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Pathways to Promise|
5400 Arsenal Street
St. Louis, MO 63139
FAX: (314) 877-6405
Working with People with Mental Illness
Facilitating A Referral
To facilitate acceptance of a mental health referral, the pastor must first foster an open and trusting relationship. This allows the person to voice his/her concerns openly and honestly. The pastor should encourage the person to express feelings about the proposed referral. Once any objections or feelings of rejection are identified, the pastor should clarify why the referral is being made. And, the pastor should emphasize that he/she will continue to give spiritual support and guidance.
This process does take some planning and takes enhanced listening skills (both verbal and nonverbal). But, the goal is very important - that of getting the person to accept the referral. Furthermore, simply getting the person to the door of a mental health resource is of little value if the person arrives too frightened, angry, confused or defensive to be able to listen or work at the therapy. The person who accepts the referral out of compliance, or simply to please the pastor, family or friends, may still be closed to any mental health therapy. The goal of the referral is not to force an unwilling person to spend a few minutes with a mental health professional or a support program. The goal is to help the person go to the mental health professional and/or program or agency with openness and hopefulness.
The fear of the stigma and the blow to the person's self-esteem can be confronted by using two interviewing techniques: empathy and addressing negative feelings. These are suggestions. When dealing with someone with a mental illness, do what is most comfortable for you.
In addition if the person in need of help and/or those concerned about this person are in need of additional information about the importance of therapy and available mental health services in the community, that information should be made available quickly and in a short but in-depth form.
When the person's resistance is an integral part of a mental illness, it can be useful to point this out to that person. The pastor can explain that the person's resistance is part of the problem that needs treatment. And, that if the problem was less troublesome, the person would not feel the same way about a referral.
- Use empathetic statements, acknowledge and validate the person's emotional experience. For example, "You might feel it is beside the point to be told to see a mental health professional when the pain you are feeling is spiritual. I will continue to work with you on the spiritual issues that are troubling you. But, I think you also need some additional help with some of these problems that may have another cause."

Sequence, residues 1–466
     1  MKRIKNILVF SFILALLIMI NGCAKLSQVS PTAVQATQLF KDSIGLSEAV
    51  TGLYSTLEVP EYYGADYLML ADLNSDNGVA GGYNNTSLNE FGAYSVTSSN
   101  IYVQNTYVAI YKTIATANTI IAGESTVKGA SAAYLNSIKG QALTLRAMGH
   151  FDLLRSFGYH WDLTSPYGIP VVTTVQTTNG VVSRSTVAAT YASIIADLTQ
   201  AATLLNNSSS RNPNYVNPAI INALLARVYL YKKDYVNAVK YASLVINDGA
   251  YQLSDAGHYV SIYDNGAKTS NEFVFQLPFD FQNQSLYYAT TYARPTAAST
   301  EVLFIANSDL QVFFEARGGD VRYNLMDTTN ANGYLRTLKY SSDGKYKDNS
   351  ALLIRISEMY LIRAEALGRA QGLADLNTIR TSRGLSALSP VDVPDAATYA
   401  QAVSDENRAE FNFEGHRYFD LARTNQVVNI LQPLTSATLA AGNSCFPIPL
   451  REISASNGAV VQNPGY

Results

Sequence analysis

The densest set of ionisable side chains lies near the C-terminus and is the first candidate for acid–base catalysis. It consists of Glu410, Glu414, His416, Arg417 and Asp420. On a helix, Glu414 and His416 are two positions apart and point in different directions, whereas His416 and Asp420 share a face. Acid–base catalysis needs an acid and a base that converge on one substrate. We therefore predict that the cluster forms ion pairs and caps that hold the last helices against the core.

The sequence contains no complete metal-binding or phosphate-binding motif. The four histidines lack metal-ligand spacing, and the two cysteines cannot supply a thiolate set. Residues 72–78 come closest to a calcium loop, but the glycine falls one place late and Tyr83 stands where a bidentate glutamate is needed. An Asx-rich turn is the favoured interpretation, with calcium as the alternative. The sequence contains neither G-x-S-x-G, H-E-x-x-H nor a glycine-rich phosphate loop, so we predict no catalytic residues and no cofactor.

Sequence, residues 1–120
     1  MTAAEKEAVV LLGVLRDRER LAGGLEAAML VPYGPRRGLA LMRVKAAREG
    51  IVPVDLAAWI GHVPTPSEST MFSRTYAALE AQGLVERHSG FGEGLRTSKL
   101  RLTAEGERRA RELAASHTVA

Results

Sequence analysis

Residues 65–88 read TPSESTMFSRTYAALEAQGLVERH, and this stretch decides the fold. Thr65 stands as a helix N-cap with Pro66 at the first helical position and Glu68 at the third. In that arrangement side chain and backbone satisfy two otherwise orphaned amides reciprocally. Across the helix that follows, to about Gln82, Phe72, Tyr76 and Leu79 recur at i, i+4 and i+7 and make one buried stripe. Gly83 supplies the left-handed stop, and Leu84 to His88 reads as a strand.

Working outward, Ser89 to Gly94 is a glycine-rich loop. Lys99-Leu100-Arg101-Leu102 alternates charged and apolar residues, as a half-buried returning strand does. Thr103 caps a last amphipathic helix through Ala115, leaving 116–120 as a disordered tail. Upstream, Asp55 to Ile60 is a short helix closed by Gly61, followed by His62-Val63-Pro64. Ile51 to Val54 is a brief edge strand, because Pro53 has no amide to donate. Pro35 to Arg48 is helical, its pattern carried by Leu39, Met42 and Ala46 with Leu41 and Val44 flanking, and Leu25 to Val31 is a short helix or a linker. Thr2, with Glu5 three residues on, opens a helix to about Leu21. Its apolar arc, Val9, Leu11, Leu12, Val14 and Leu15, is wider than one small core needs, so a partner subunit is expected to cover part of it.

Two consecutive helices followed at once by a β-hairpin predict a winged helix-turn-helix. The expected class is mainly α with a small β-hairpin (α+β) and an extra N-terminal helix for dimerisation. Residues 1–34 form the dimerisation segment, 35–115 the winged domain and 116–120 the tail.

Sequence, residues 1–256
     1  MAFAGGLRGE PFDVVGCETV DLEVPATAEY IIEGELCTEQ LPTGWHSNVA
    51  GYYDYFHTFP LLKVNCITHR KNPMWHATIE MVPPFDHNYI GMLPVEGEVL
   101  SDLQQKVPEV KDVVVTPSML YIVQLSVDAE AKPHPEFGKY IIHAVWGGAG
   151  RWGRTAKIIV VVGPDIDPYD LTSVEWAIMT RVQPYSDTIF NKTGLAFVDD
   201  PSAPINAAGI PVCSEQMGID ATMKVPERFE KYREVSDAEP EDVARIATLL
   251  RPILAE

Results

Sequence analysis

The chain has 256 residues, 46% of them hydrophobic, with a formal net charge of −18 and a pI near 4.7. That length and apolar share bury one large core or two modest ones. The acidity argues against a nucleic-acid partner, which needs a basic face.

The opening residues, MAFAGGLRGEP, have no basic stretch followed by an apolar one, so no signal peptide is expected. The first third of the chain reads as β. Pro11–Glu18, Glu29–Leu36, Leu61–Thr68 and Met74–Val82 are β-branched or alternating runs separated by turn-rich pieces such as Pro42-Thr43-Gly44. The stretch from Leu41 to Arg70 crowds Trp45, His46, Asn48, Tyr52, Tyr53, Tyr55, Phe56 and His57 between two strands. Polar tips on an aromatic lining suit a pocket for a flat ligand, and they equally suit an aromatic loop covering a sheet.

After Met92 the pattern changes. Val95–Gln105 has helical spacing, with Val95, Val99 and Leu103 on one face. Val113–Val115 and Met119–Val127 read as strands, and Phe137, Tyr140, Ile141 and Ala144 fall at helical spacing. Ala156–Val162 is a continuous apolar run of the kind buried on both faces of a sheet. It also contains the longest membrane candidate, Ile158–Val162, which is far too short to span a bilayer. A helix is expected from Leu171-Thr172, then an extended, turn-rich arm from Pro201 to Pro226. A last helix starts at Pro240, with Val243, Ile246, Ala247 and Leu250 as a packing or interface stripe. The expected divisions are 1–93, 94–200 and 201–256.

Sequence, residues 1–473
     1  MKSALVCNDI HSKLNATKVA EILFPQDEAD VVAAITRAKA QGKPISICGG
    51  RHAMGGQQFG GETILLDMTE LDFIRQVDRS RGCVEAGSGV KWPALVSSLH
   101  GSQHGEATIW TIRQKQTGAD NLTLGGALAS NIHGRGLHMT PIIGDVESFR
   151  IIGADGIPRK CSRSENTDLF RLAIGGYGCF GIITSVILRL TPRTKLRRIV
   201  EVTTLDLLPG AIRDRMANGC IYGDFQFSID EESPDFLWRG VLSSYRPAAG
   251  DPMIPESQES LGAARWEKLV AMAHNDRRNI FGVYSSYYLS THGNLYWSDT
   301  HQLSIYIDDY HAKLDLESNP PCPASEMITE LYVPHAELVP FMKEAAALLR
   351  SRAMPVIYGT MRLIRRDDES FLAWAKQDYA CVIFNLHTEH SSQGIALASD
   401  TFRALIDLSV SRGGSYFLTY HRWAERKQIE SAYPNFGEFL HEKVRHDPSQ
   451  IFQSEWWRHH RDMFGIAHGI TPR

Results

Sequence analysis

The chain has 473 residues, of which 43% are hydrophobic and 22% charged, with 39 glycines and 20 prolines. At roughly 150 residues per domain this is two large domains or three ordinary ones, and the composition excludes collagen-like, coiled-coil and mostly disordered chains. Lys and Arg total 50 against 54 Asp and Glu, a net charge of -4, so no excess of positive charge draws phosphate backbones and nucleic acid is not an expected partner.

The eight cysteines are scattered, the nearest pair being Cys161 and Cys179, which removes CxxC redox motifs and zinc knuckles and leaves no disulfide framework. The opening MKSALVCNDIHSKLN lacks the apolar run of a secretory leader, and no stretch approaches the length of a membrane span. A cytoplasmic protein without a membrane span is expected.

- Addressing negative feelings others may have about people needing mental health therapy is also a way to acknowledge and validate the person's perceptions. For example, what consequence does the person most fear when others learn about the referral? Does the person have a concern about negative feelings of people close to him/her, such as family members? This is especially so when family members are people with whom the pastor has contact. A solution can be to have them return with the person and jointly discuss the referral and what it means to the pastor, the person needing therapy and the family.
Remember that feelings of depression can lead a person to believe that the illness is a punishment from God. If the person believes there is a theological connection between him/her and the illness, let that person know this is not the case. Reassure the person that God cares for him/her and the pastor will be there for the person.
Learning about the person's prior experiences, if there are any, with mental health care can help clarify objections and make it possible to satisfy or work around them. If the person displays inappropriate behavior the pastor may not be able to change it, but can respond appropriately. Remember, the pastor may be the only support that person has.
If a person is feeling rejected because of the referral, the pastor must counter this feeling. The person should be reassured that this referral is not a rejection and that the pastor will still be there to assist the person with theological and spiritual issues. This can be demonstrated by scheduling a follow up appointment shortly after the person's first visit to a mental health professional or program. If the person is hospitalized, ask for the person to give consent for the pastor to visit him/her in the hospital and to mention his/her name among those for special prayers due to being hospitalized. Affirm that the church is a place that will always be there to accept the person as they are. And, that if one is out of the congregational community for a period of time, an accepting, nonjudgmental congregation and pastor will continue as a caring community for that person. For example it is helpful for the pastor to tell the person he/she will be remembered in the regular prayer cycle.
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